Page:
With a strong background in youth engagement, Rocking the Boat is a nonprofit organization in the South Bronx that supports kids’ growth through hands-on discovery. What started as a boatbuilding after-school program has grown into a multi-pronged approach for youth empowerment in an environmental justice community.
The Bronx River: Bronx, NY
The Bronx River—once used as a drinking water resource—is the only freshwater river in New York City (NYC). The river flows southward through the Bronx, ending in the Hunts Point neighborhood and draining to the East River, a saltwater tidal estuary that connects to both the Upper New York Bay and the Long Island Sound. Hunts Point is the only neighborhood in NYC that is surrounded by water on all three sides. Instead of accessible waterfront properties, however, the neighborhood has little green space and hosts multiple threats from industrial, municipal, and residential pollution. During heavy rains, bacteria and other pollutants are carried through the Bronx River via the City’s combined sewer overflows (CSOs). As Hunts Point is at the end of the river, the neighborhood also receives pollutants from the often more affluent areas upstream. With a majority of Latino and black residents, a ranking as the poorest congressional district in the country, a 59% poverty rate for children, and high unemployment rates, the South Bronx is a prime example of an environmental justice community.
Rocking the Boat’s Unique Model for Environmental Justice
Founded in 2001, Rocking the Boat (RTB) is a nonprofit organization that began as a boatbuilding program for high school students. Over the past 20 years, the program expanded to include sailing, environmental, and social work programs for youth as well as on-water classroom, community rowing and sailing, and two camp programs for the public. The model is unique, and as the RTB slogan proclaims: “At Rocking the Boat, kids don’t just build boats, boats build kids.”
The environmental program started in 2002 and includes water quality monitoring, bird and fish surveys, and restoration. For each of the programs, the students are paired with external environmental professionals and scientists. Funded by an EPA Environmental Justice Small Grant in 2017, RTB expanded water quality work to include pathogen monitoring in cooperation with the Bronx River Alliance. With additional funding that same year from the New York State Department of Environmental Conservation, RTB purchased lab equipment to process the samples so that students can see the progression through from start to finish.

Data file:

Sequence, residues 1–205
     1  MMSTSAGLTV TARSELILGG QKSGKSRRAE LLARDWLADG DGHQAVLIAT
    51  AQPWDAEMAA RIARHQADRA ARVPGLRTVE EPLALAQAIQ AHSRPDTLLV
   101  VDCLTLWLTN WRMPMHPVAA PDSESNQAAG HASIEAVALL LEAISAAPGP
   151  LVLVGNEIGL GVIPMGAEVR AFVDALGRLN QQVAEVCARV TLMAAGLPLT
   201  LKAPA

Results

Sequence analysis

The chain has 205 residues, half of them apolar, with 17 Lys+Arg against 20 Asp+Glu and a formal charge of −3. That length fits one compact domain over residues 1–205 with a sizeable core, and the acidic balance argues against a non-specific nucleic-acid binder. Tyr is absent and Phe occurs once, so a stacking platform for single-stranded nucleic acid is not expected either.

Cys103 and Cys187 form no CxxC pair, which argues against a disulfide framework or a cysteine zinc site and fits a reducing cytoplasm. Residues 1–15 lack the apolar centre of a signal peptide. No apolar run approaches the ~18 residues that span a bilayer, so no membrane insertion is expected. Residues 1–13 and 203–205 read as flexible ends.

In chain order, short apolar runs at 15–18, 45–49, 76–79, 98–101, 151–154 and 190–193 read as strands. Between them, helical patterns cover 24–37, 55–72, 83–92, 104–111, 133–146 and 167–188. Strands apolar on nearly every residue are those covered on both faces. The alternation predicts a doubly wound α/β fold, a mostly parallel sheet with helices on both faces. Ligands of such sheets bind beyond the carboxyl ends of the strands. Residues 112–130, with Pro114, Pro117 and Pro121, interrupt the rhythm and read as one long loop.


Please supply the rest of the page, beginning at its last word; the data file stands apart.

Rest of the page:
Because of the persistent problem of CSOs spilling raw sewage into the Bronx River, it is important for the community to understand and monitor the presence of pathogens in their water. During rain events, the level of Enterococcus—an indicator for pathogens in both fresh and saline water—increases to almost 30 times the Bronx River average; these are levels far beyond the EPA’s limits for secondary contact.
Read more about similar studies and the significance of Enterococcus in the Lower Hudson River in this Urban Waters Learning Network Impact Story.
Starting in September 2017 and continuing today, RTB’s Environmental Science Program participants receive instruction on pathogen monitoring. The training includes background information, techniques for sample collection, and direction for processing the samples in the lab. Water quality samples are collected twice weekly from two locations near Hunts Point Riverside Park (and two additional locations during the summer months). One of the sites is accessible only by boat, allowing students to use the boats built by their peers in the Boatbuilding Program and to apply their boating skills to collect samples.
Using the data collected in recent seasons through the pathogen project as well as a wealth of records dating back years, the students interpret what they have observed. Relating the presence of Enterococcus to the effects on fish and bird populations, for example, helps students to understand human influence on the environment and the interconnectedness of ecosystem health. RTB youth share their findings at community events and present their thoughts on how best to address the water quality problems in the Bronx River. The results of the water quality monitoring are also available on the Bronx River Alliance water quality website.
RTB continues to expand its environmental and water quality programming; most recently, students have begun to monitor microplastics.
The work of RTB is addressing environmental injustice in the Hunts Point community by integrating social and recreational opportunities with projects for a whole-health approach to “building” kids. As a result, the RTB youth are actively involved in informing others and solving the issues present in their neighborhood. Using a multi-pronged approach is good for youth, good for the river, and good for the entire community.
Learn More about Rocking the Boat – Informational Videos: